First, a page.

Take the 2-minute tour ×
Stack Overflow is a question and answer site for professional and enthusiast programmers. It's 100% free, no registration required.

I have timezones in the following array format:

'America/New_York' => '(GMT-05:00) Eastern Time (US & Canada)',
'Europe/Lisbon' => '(GMT) Greenwich Mean Time : Lisbon',

etc.

How do I go about displaying a user-friendly summer/daylight savings time dependent timezone identifier to the user?

For example, displaying the time now in New York would append "(EDT)" to the time, which would make sense for local users. I want to avoid having to display ((GMT-05:00) Eastern Time (US & Canada)) or just (GMT-05:00), which isn't strictly accurate all year round.

Ideally then, is there a web service/database that can take a tz string in the format "America/New_York", and a timestamp as paramters and return the abbreviation in the formats here?

share|improve this question
1  
Good question. When working on a javascript timezone detection script (jsTimezoneDetect @ bitbucket) I was thinking about including that but abandoned the effort. There were just too many conventions and ambiguities to my taste. –  Jon Nylander Jul 9 '11 at 20:47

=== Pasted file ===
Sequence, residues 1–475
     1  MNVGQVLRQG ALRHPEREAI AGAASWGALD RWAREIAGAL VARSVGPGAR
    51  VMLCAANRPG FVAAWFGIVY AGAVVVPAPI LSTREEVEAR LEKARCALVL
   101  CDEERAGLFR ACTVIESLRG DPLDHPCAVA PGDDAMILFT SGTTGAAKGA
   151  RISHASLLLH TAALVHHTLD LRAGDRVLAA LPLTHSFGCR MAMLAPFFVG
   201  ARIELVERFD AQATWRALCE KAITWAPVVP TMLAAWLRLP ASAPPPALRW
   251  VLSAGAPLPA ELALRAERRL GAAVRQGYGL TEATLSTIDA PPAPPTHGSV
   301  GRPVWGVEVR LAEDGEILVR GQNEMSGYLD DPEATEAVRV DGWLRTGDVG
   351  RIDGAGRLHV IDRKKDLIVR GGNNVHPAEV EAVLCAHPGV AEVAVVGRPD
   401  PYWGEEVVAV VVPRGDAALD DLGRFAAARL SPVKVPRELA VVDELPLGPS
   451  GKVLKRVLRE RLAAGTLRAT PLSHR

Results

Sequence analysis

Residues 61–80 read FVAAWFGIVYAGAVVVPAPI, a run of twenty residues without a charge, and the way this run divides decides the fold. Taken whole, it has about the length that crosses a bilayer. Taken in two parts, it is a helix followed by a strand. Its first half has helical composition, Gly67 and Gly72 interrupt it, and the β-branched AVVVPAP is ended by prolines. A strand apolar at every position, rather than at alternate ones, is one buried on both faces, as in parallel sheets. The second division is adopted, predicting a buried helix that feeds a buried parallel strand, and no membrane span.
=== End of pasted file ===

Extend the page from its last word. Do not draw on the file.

add comment

1 Answer 1

up vote 2 down vote accepted

strftime's %Z format specifier gives you this abbreviation. You didn't say what programming language you are using, but most programming languages give you access to strftime in one way or another.

Python:

import pytz
from datetime import datetime

here = pytz.timezone('Asia/Tokyo')
print here.localize(datetime.utcnow()).strftime("%Z")

there = pytz.timezone('America/Montreal')
print there.localize(datetime.utcnow()).strftime("%Z")

PHP:

date_default_timezone_set("Asia/Tokyo");
echo strftime("%Z");

date_default_timezone_set("America/Montreal");
echo strftime("%Z");
share|improve this answer
add comment

Your Answer

 
discard

By posting your answer, you agree to the privacy policy and terms of service.

Not the answer you're looking for? Browse other questions tagged or ask your own question.